24 Days of Advent Scripture Devotionals

Day 1 – Messiah Gives a Bible Study

The Road to Emmaus – Robert Zund

Luke 24:27

And beginning at Moses and all the Prophets, He expounded to them in all the Scriptures the things concerning Himself. (Luke 24:27 NKJV)

When I was a kid my grandparents had a painting in their home of the Messiah walking with the two men on the Road to Emmaus. I remember hearing the story about how the resurrected Jesus met the travelers and discussed with them the latest news from Jerusalem. What I don’t seem to have grasped at the time was that Jesus rebuked the two for not knowing what the Old Testament scriptures taught: that Messiah would suffer, be executed and would rise again.

He said to them, “O foolish ones, and slow of heart to believe in all that the prophets have spoken! Ought not the Christ (Messiah) to have suffered these things and to enter into His glory?” And beginning at Moses and all the Prophets, He expounded to them in all the Scriptures the things concerning Himself. (Luke 24:26-27 NKJV)

I wonder what it would have been like to be a part of that Bible study with Jesus himself, explaining from the scriptures all of the prophesies concerning himself and that all that had come to pass had been part of the plan. I can’t wait to hear it from him with my own ears!

Today’s passage from the Gospel of Luke sets the stage for the next 24 days of advent. Each day we will look at one key verse of scripture along with related passages that may have been a part of the Messiah’s Bible study concerning himself. We’ll begin with some scriptures from the Torah, written by Moses (the first five books of the Old Testament). Then we will also look at scriptures from the prophets, including Samuel, Isaiah, Jeremiah and David who in addition to being a prophet was also a king.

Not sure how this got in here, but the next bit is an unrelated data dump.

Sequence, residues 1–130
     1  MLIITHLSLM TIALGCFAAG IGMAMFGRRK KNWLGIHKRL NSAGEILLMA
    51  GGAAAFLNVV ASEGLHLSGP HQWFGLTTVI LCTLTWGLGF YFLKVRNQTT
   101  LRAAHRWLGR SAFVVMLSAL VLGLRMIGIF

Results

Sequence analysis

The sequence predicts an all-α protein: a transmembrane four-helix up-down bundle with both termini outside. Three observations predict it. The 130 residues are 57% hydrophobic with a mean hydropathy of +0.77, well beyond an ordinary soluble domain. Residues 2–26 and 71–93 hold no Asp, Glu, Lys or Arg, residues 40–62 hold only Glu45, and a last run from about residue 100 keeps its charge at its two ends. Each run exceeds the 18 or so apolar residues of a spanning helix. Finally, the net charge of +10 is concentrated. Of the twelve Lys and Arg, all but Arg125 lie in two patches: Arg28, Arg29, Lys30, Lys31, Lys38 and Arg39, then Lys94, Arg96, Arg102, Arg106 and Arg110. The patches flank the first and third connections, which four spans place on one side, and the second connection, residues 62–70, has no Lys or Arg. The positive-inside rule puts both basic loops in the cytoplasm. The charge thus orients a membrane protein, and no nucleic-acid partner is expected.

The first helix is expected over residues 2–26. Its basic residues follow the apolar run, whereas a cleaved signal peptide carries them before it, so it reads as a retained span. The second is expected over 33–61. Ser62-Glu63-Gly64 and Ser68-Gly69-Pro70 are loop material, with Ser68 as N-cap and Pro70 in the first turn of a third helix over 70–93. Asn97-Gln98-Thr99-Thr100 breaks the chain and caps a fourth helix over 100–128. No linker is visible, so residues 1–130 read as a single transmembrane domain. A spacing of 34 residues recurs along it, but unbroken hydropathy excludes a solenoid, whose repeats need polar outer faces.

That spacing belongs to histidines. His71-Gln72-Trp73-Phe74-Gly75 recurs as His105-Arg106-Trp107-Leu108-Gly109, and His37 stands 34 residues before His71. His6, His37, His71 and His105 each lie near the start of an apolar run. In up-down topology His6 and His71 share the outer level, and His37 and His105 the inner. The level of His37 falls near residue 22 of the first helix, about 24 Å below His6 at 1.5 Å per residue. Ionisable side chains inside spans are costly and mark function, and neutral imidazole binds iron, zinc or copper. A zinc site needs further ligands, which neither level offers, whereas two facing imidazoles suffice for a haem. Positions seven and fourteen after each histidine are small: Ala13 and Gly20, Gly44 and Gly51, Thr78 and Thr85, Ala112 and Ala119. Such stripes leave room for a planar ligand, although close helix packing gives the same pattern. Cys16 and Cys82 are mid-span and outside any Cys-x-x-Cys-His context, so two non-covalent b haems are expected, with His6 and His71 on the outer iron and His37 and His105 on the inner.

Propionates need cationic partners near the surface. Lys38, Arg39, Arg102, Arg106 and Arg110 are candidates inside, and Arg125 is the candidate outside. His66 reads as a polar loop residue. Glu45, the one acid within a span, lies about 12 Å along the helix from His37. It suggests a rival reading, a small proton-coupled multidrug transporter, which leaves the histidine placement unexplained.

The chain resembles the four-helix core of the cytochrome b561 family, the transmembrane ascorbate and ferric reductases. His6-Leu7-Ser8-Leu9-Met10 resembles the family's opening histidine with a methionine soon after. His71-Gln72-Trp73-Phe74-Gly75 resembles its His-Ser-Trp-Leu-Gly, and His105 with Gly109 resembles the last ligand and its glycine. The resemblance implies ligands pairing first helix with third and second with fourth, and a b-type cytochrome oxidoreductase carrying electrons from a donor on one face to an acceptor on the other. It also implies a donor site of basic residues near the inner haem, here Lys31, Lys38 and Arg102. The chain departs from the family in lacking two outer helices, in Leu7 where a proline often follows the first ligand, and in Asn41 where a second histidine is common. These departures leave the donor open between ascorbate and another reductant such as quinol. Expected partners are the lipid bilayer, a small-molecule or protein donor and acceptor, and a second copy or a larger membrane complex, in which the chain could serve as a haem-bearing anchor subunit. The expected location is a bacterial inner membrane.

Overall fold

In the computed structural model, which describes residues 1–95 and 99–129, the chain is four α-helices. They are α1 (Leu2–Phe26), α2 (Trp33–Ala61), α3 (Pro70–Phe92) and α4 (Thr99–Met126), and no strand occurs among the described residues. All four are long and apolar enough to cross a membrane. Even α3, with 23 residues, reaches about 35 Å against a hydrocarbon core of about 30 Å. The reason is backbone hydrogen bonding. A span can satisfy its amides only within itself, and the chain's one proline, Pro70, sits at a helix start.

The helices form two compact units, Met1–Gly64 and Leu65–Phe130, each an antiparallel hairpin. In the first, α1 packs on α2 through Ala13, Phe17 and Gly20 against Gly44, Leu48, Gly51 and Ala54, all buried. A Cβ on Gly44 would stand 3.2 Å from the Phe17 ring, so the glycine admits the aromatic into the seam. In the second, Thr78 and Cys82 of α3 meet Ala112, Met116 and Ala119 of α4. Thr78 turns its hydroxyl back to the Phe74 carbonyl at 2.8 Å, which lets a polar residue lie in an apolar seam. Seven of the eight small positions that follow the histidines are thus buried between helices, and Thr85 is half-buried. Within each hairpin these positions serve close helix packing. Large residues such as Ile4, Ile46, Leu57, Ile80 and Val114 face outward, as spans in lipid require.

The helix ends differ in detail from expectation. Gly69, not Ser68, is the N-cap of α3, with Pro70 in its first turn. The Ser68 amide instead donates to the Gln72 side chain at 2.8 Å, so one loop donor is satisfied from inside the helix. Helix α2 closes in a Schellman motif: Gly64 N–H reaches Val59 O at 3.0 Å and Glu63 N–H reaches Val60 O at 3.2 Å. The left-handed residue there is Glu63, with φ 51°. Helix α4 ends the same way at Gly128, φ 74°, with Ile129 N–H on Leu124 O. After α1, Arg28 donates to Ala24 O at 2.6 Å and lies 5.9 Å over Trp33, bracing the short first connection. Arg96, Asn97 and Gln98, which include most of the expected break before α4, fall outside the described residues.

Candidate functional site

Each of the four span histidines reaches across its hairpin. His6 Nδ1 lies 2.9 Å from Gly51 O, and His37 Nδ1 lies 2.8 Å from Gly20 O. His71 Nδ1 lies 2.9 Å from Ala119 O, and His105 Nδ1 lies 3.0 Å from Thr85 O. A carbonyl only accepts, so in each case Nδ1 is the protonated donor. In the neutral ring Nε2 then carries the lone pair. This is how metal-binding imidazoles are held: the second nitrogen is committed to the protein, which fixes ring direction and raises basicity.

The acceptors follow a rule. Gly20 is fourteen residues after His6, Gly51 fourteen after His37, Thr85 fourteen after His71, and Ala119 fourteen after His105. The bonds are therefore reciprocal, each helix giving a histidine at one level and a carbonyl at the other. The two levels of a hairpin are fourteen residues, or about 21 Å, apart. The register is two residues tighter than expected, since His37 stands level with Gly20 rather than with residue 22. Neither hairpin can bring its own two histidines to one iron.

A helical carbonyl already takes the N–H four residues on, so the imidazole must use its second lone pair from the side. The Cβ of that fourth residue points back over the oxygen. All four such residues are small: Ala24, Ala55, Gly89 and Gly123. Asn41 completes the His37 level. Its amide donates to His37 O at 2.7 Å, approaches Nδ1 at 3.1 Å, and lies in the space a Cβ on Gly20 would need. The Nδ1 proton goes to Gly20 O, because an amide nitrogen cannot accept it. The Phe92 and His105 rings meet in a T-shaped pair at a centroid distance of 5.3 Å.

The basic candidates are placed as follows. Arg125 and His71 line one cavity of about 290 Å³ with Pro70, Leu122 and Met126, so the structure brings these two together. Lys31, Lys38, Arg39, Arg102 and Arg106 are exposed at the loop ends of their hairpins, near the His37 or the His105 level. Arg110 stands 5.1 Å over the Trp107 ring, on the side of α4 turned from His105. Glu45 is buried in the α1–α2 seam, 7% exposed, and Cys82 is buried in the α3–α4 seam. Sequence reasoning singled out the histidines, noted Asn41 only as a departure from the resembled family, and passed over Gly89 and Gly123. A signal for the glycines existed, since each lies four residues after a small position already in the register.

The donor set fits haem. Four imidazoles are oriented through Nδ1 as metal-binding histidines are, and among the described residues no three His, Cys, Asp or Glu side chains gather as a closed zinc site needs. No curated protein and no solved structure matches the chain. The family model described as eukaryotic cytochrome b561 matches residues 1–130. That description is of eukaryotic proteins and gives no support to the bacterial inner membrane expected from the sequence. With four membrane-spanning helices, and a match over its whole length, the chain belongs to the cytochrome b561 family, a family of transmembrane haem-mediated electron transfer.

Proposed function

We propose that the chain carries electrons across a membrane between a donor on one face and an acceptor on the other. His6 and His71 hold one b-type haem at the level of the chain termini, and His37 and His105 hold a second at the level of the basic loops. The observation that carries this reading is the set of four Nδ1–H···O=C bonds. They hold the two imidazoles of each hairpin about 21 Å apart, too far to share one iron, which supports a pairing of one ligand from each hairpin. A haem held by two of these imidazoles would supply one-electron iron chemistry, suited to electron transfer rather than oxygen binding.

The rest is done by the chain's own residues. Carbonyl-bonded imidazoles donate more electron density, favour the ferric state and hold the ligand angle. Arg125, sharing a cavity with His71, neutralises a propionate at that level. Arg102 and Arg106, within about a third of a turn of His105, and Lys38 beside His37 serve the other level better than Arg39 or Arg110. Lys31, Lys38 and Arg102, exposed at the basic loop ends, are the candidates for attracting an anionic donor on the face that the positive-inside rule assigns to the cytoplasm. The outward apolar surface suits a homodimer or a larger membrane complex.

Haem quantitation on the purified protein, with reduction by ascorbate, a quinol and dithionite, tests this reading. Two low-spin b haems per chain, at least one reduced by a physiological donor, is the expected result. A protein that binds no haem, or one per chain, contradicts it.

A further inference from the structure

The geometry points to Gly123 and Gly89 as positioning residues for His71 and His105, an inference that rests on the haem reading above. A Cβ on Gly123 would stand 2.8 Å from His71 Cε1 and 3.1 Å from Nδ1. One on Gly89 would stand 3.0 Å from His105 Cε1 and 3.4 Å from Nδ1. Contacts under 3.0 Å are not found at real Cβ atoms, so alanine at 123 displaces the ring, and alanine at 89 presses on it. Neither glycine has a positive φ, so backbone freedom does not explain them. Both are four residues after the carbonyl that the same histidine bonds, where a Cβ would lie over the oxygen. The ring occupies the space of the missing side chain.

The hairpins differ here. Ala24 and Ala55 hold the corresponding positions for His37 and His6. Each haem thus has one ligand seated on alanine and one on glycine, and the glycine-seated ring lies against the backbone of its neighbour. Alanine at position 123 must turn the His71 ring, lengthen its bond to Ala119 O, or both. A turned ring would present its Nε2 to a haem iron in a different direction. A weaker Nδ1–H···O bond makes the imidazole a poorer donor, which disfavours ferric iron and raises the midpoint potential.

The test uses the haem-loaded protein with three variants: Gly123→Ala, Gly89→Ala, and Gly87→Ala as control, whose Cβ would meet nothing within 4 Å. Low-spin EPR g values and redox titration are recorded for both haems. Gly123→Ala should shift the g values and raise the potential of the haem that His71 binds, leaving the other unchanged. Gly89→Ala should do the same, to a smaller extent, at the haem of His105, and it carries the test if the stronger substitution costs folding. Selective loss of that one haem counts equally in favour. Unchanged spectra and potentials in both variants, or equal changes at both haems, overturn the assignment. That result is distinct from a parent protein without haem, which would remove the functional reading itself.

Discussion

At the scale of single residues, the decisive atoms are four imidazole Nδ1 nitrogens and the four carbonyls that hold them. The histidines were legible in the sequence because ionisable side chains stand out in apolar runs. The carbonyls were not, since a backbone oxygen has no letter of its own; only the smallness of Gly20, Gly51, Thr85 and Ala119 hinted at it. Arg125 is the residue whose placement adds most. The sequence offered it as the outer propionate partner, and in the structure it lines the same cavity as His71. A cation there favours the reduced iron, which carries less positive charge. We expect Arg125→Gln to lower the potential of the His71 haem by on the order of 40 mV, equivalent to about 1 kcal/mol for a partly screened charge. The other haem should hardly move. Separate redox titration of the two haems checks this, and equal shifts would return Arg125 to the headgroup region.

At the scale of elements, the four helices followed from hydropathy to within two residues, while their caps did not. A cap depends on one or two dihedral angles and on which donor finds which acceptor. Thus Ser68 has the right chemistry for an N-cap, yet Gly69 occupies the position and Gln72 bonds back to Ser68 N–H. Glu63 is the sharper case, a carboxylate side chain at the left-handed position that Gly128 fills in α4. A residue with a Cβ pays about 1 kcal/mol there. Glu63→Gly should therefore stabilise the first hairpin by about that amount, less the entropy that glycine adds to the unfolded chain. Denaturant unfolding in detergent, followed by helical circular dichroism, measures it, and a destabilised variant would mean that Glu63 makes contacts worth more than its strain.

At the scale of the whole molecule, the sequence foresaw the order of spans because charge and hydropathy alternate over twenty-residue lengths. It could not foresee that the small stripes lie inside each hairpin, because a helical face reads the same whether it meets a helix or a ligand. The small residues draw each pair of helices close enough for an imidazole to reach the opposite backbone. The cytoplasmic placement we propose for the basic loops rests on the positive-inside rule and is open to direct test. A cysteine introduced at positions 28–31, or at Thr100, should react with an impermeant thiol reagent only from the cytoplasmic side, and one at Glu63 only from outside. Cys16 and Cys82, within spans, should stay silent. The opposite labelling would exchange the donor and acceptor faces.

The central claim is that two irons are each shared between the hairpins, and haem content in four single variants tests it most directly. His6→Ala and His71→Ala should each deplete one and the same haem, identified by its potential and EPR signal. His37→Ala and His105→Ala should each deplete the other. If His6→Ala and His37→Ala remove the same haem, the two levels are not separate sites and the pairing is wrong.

Luke 24:13-35 NKJV

Now behold, two of them were traveling that same day to a village called Emmaus, which was seven miles from Jerusalem. And they talked together of all these things which had happened. So it was, while they conversed and reasoned, that Jesus Himself drew near and went with them. But their eyes were restrained, so that they did not know Him.

And He said to them, “What kind of conversation is this that you have with one another as you walk and are sad?”

Then the one whose name was Cleopas answered and said to Him, “Are You the only stranger in Jerusalem, and have You not known the things which happened there in these days?”

And He said to them, “What things?”

So they said to Him, “The things concerning Jesus of Nazareth, who was a Prophet mighty in deed and word before God and all the people, and how the chief priests and our rulers delivered Him to be condemned to death, and crucified Him. But we were hoping that it was He who was going to redeem Israel. Indeed, besides all this, today is the third day since these things happened. Yes, and certain women of our company, who arrived at the tomb early, astonished us. When they did not find His body, they came saying that they had also seen a vision of angels who said He was alive. And certain of those who were with us went to the tomb and found it just as the women had said; but Him they did not see.”